The thing I appreciate most about the counselor-client relationship is the formality of it all. Both parties show up to each session with one goal in mind – to work on whatever issue needs to be dealt with to move on from unhealthiness to health. Such is not the case however among friends.
Friends share, vent and disclose information to one another (which is a wonderful thing), but friends may not necessarily do so with the intention of seeking a solution. Sometimes friends just need a listening ear, a non-judgmental heart and a warm embrace in their time of need. Sometimes friends need to play with fire and get burned. Sometimes friends just need you to get dirty with them when they are stuck in the muck.
I’m not sure if it’s the counselor part of me or the perfectionist side of me, but something in me wants to save people. To prevent them from getting hurt. To stop them from doing things they will regret. This desire comes in handy when I’m sitting in the therapist’s chair, but it produces a tangled, jumbled ball of frustration when I can only be a friend.
One thing I have learned over the years is that being a friend during the good times is easy and fun. Staying up late at night chatting about boys or going to the spa to get your nails done is great and a necessary aspect of friendship. But then there’s the “a friend loves at all times” (Proverbs 17:17) side that is way more complicated. Why? Because it involves speaking the truth in love and letting go of the wish to micro-manage someone’s choices. Loving a friend at all times means just that – loving them through the back-and-forth struggles, the shocking revelations and the emotional messiness. Love means sticking around as the conflict unfolds, the story reaches its climax and hoping beyond hope that it arrives at a good resolution.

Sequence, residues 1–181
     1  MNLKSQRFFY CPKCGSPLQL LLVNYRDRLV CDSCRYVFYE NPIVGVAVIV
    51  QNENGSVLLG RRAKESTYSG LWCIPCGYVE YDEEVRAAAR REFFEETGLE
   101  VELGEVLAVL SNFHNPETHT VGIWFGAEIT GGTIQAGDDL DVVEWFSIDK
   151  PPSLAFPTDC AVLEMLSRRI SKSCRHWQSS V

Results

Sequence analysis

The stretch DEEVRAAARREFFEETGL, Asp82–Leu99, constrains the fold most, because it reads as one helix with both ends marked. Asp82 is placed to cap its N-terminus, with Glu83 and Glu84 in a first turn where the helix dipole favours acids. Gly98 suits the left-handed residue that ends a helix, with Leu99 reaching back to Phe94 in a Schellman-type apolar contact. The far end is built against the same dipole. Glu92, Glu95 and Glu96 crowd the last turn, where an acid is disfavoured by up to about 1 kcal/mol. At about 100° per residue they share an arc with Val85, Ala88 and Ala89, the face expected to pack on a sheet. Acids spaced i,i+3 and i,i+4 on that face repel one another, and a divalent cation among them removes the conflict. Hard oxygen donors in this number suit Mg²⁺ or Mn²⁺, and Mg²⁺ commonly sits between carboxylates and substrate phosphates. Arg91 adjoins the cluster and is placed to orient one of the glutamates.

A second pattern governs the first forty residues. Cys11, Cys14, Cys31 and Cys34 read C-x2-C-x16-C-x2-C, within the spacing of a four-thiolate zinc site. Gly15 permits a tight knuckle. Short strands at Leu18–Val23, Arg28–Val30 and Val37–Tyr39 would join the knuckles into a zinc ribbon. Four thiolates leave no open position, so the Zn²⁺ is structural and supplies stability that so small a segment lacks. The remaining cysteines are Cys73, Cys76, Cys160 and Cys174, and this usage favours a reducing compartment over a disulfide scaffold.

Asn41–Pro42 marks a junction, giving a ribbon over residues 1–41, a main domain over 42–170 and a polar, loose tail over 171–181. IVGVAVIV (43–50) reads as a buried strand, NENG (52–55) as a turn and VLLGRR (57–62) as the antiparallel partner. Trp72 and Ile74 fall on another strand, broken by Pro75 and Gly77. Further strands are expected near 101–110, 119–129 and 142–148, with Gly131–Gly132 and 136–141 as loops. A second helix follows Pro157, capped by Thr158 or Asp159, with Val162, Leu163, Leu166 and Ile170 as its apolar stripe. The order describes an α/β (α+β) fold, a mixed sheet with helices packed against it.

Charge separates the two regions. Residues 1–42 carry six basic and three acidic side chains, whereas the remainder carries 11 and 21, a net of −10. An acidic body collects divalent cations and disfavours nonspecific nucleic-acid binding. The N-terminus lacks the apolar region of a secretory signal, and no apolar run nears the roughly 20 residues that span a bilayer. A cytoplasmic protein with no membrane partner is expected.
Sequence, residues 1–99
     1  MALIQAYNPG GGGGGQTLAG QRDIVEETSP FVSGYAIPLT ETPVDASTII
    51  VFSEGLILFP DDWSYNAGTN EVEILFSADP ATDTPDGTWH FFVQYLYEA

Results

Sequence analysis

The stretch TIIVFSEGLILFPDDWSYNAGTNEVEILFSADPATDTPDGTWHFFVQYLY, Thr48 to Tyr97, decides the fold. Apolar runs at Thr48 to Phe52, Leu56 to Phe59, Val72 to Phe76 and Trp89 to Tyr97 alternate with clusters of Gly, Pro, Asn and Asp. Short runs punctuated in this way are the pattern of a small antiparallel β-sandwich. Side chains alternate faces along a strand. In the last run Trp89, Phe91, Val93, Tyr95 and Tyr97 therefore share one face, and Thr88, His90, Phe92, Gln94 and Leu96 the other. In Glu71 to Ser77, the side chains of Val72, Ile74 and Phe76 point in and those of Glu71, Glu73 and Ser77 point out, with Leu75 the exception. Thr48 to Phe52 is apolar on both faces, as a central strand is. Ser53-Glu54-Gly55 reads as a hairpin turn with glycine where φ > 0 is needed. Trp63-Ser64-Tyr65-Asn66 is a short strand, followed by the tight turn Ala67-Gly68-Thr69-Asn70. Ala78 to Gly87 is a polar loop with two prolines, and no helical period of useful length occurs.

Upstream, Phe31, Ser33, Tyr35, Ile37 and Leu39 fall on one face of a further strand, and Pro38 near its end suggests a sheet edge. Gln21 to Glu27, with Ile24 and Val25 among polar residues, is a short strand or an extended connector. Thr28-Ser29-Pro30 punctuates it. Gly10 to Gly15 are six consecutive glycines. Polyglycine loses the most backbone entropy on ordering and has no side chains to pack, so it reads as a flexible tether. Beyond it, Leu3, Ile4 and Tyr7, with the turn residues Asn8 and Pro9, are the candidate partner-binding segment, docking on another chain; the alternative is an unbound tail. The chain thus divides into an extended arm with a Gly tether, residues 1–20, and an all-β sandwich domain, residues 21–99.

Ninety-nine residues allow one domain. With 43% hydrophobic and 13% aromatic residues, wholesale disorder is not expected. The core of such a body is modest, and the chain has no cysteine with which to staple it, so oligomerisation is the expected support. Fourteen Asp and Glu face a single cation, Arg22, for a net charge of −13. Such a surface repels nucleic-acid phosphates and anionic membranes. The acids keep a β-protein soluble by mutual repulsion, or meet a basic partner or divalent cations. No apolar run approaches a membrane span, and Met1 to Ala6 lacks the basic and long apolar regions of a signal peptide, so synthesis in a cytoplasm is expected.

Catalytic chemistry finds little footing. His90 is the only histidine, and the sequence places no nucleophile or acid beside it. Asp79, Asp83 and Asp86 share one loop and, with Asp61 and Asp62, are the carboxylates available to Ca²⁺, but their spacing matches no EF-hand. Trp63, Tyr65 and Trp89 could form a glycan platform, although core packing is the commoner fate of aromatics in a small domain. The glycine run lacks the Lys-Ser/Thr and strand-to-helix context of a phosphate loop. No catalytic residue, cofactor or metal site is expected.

I am learning to be that kind of a friend. The process is pushing me way out of my comfort zone and making me squirm and scream at times, but my friends are worth it. Moreover, I find myself being even more grateful to have God to look to as the ultimate example of a friend who never gives up on us, but loves us completely and unconditionally.
Here’s The Fray’s “How to Save a Life“, a song which reveals the earnest desire to help a friend.
How have you learned to be a friend who loves at all times?